There are financial reasons why Germany and the UK are taking an interest in a final withholding tax on old undeclared assets and on new interest income. According to the Basler Zeitung (BaZ, 14.10.2010, p. 7) and the SonntagsZeitung (SoZ, 24.10.2010, p. 57), under the planned agreement with Germany, insiders assume a tax rate of 25 to 30 per cent for new interest income. The tax for undeclared assets will most probably consist of two components: a 15 per cent tax on the current value of the assets, and a 25 to 30 per cent tax on interest income over the last ten years (TagesAnzeiger 19.10.2010, p.43). This amounts to a total tax of about one quarter for undeclared assets that have been in Switzerland for more than ten years and, according to SonntagsZeitung (24.10.2010, p.57), to an average tax of about 17.5 per cent for all undeclared funds (including those that have been in Switzerland for less than 10 years).
Old undeclared German funds are estimated at 200 to 300 billion francs (150-220 billion euros). 17.5 per cent on 300 billion francs yields 53 billion francs (39 billion euros) in tax revenue that would flow into German government coffers at one go. Bank Sarasin nevertheless advises its German customers to make voluntary declarations (BaZ, 14.10.2010, p.7): for now, the applicable German penalty tax for those making voluntary declarations would cost them less than the planned retroactive withholding tax. SonntagsZeitung thus assumes that about one third of the existing assets would either be repatriated and declared, or simply shifted to other secrecy jurisdictions such as Singapore. Yet a one-off tax of 17.5 per cent on the remaining 200 billion francs would still yield 35 billion francs (26 billion euros) in German public revenues.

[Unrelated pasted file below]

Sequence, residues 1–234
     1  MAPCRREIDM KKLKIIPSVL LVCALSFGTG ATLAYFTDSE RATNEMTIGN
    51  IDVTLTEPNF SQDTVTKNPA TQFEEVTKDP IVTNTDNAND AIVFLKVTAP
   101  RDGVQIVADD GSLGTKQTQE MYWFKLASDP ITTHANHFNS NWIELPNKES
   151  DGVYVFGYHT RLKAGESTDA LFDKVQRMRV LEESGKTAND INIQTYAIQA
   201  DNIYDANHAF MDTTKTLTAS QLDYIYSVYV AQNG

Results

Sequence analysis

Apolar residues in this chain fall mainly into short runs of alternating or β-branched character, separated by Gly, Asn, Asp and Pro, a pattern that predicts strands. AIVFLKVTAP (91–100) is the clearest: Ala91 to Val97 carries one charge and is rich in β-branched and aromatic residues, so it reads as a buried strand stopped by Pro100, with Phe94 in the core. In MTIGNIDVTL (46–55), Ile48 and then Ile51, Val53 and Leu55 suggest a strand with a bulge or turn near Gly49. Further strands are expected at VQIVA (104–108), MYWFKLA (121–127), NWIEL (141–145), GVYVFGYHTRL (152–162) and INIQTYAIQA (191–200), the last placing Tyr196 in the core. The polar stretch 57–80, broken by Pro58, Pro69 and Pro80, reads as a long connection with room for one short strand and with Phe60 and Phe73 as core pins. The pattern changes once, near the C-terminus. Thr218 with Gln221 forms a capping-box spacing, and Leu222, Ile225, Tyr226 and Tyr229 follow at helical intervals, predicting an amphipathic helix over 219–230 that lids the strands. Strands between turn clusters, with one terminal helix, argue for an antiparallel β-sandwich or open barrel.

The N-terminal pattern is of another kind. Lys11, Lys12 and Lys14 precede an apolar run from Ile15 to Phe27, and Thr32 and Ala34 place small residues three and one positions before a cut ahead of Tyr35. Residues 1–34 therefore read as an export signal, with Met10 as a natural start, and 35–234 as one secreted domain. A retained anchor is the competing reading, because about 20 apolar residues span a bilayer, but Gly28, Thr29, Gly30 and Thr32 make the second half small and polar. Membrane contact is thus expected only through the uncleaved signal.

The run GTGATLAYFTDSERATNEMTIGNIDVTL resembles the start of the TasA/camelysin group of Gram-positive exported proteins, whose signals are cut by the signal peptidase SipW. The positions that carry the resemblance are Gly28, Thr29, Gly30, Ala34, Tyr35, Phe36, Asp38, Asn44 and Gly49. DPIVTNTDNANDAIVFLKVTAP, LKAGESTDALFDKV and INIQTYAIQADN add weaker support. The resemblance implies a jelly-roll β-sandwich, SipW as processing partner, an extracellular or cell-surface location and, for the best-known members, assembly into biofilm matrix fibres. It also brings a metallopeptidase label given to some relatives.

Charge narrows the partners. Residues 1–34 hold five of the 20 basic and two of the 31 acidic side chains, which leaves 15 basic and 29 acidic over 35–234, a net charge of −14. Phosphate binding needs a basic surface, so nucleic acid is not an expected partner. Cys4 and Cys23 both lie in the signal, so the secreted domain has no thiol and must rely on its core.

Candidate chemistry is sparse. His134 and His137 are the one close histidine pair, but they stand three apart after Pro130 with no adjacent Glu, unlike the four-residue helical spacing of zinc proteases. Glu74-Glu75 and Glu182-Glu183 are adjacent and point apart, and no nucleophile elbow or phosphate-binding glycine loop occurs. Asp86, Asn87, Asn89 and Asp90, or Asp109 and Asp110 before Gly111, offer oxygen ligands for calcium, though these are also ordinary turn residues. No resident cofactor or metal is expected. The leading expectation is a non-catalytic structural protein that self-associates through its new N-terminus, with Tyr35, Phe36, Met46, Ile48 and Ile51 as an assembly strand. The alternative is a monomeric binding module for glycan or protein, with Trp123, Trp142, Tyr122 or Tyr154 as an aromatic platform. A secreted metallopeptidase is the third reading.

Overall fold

No substitute for automatic information exchange
Yet the final withholding tax cannot replace automatic information exchange. For there is the danger that it may be circumvented by shifting undeclared assets to financial centres such as Singapore or Hong Kong, where no such taxes are assessed. In the words of Professor Martin Janssen, professor of finance at the University of Zurich: "There will be some ways out, at least partially." The UK and Germany seem to suspect that there may be other possibilities for circumvention. They therefore want provision for extended administrative assistance – i.e. information exchange upon request – to be firmly anchored in the envisaged agreement.
Administrative assistance upon request is nevertheless associated with major administrative hurdles. The tax authorities must justify their suspicion of tax evasion and furnish detailed information about the suspect. They are generally able to do this only if they are in possession of "stolen" information. Switzerland has therefore built into its Administrative Assistance Ordinance – soon to be converted into a law – the rejection of administrative assistance when stolen bank data is involved. In many cases only automatic information exchange could produce the data that is made the prerequisite for information exchange upon request.
TJN comment: to see more analysis of the OECD's woefully inadequate "upon request" standards, click here.
Update: David McNair of Christian Aid has a good article in the Guardian's Comment is Free section, echoing this analysis. As he notes:
Such a deal would undermine the UK's commitments to start healing the damage that financial secrecy inflicts on the global economy – and especially developing countries.
. . .
The price for this secrecy is paid by all of us. But the gravest burden is borne by those living in poverty all over the world, who depend on schools, hospitals, justice systems and other public services being funded by tax revenues.